Federal board sides with Navajo coal company, says BNSF Railway must ship to Canadian port

Jun 27, 2023, 2:41 PM

FILE - A BNSF railroad train hauling carloads of coal from the Powder River Basin of Montana and Wy...

FILE - A BNSF railroad train hauling carloads of coal from the Powder River Basin of Montana and Wyoming is seen east of Hardin, Mont., July 15, 2020. On Friday, June 23, 2023, a federal board ordered BNSF Railway to transport at least 4.2 million tons of coal from a Montana mine to a port in British Columbia, Canada, this year to allow one of the largest coal producers in the United States to meet its overseas contracts. (AP Photo/Matthew Brown, File)

(AP Photo/Matthew Brown, File)

HELENA, Mont. (AP) — A federal board has sided with one of the largest coal producers in the United States in a contract dispute with a major freight railroad, ordering BNSF Railway to transport at least 4.2 million tons of coal this year for overseas use.

The U.S. Surface Transportation Board’s 3-2 order last week said BNSF has the ability to fulfill the contract and still meet the needs of other shippers.

The Navajo Transitional Energy Co. sought the order in April. The company had filed a lawsuit late last year saying that major shortcomings in BNSF service cost it $150 million in lost revenue this year and another $15 million in charges when coal wasn’t loaded in a timely manner onto ships destined for Japan and Korea.

The transportation board said NTEC was highly likely to succeed on the merits of its claim.

“The common carrier obligation is a core tenet of the Board’s regulation of the freight railroad industry and is a pillar of the railroads’ responsibility to our country’s economy,” Chairman Martin Oberman said in a statement Friday.

The Navajo Nation-owned energy company runs three coal mines in the Powder River Basin of Montana and Wyoming and another near Farmington, New Mexico — making it the third-largest coal company in the country.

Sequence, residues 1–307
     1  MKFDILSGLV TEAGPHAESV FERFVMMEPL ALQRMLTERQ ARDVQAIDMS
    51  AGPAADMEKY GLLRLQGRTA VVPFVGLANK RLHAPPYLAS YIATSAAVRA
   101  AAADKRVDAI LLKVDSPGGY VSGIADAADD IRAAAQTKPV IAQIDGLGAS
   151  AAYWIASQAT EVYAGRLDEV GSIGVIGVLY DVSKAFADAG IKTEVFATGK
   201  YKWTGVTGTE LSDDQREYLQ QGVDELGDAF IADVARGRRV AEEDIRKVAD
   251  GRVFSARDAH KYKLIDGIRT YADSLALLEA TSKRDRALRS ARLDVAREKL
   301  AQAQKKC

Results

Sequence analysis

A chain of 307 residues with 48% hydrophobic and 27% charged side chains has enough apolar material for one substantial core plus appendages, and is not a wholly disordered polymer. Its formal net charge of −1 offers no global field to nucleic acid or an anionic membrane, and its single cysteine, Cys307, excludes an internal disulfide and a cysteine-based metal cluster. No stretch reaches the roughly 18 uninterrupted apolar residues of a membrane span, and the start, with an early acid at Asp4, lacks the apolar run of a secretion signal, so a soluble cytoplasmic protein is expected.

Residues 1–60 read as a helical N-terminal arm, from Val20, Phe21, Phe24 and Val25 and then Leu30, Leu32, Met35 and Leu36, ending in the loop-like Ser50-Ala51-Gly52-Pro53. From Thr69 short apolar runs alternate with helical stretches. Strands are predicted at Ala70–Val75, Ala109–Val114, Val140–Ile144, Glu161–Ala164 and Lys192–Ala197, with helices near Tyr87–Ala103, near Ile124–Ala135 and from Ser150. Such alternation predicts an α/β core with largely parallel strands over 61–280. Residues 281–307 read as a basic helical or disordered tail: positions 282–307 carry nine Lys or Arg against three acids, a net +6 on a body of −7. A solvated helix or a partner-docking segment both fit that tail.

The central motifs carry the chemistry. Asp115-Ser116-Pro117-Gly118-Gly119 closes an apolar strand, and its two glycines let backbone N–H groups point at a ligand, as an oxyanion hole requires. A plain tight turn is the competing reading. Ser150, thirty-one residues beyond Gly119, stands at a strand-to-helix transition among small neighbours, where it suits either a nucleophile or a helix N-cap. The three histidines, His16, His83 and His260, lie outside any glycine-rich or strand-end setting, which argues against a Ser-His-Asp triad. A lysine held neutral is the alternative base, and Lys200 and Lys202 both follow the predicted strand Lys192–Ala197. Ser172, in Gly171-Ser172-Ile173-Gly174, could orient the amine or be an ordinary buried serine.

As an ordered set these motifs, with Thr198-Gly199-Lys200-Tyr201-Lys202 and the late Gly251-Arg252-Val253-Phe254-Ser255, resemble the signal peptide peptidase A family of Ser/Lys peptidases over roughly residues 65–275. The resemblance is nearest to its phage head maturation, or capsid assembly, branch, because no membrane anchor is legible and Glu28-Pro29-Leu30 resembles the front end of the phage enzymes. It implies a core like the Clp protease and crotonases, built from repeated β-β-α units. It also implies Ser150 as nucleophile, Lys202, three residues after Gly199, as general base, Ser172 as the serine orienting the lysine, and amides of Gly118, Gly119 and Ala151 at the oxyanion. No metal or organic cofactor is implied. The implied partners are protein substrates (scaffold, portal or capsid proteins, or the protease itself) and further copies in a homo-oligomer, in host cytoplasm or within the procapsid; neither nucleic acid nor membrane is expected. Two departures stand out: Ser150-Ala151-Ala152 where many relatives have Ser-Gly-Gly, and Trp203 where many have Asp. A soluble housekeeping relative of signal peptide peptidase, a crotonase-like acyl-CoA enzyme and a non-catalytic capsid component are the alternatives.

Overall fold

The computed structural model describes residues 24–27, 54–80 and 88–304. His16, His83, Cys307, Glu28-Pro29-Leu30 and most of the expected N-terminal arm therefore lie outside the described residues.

The board also said NTEC was likely to suffer damage to its reputation as a dependable coal supplier, and that the order meets the public good because NTEC plays a critical role in the Navajo Nation’s economy.

BNSF Railway and NTEC did not immediately respond to emails Tuesday seeking comment about the board’s decision or the status of the coal company’s lawsuit.

The board says BNSF must move 23 trains of coal per month for NTEC beginning immediately, and another six trains per month when additional trains and crew become available. The additional capacity would total 1 million tons, the board said.

Like other freight railroads, BNSF struggled to deliver products on time and handle all the shipments that companies want to move because of worker shortages coming out of the coronavirus pandemic.

One of the dissenting board members, Patrick Fuchs, said NTEC didn’t meet its contracted tonnage requirements with BNSF in 2020 and that the company then sought a contract with BNSF without tonnage requirements.

The coal company’s lawsuit, filed in December in federal court in Montana, alleged the railroad breached its 2022 contract to transport 5.5 million tons of coal. According to the lawsuit, BNSF said in the spring of last year that it could commit to delivering only 3.1 million tons of coal.

BNSF has said the 2022 contract called for transporting up to 5.5 million tons but did not set a minimum guarantee, Fuchs said in his dissent.

The lawsuit also alleged BNSF favored other coal companies that ship on the railroad.

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Federal board sides with Navajo coal company, says BNSF Railway must ship to Canadian port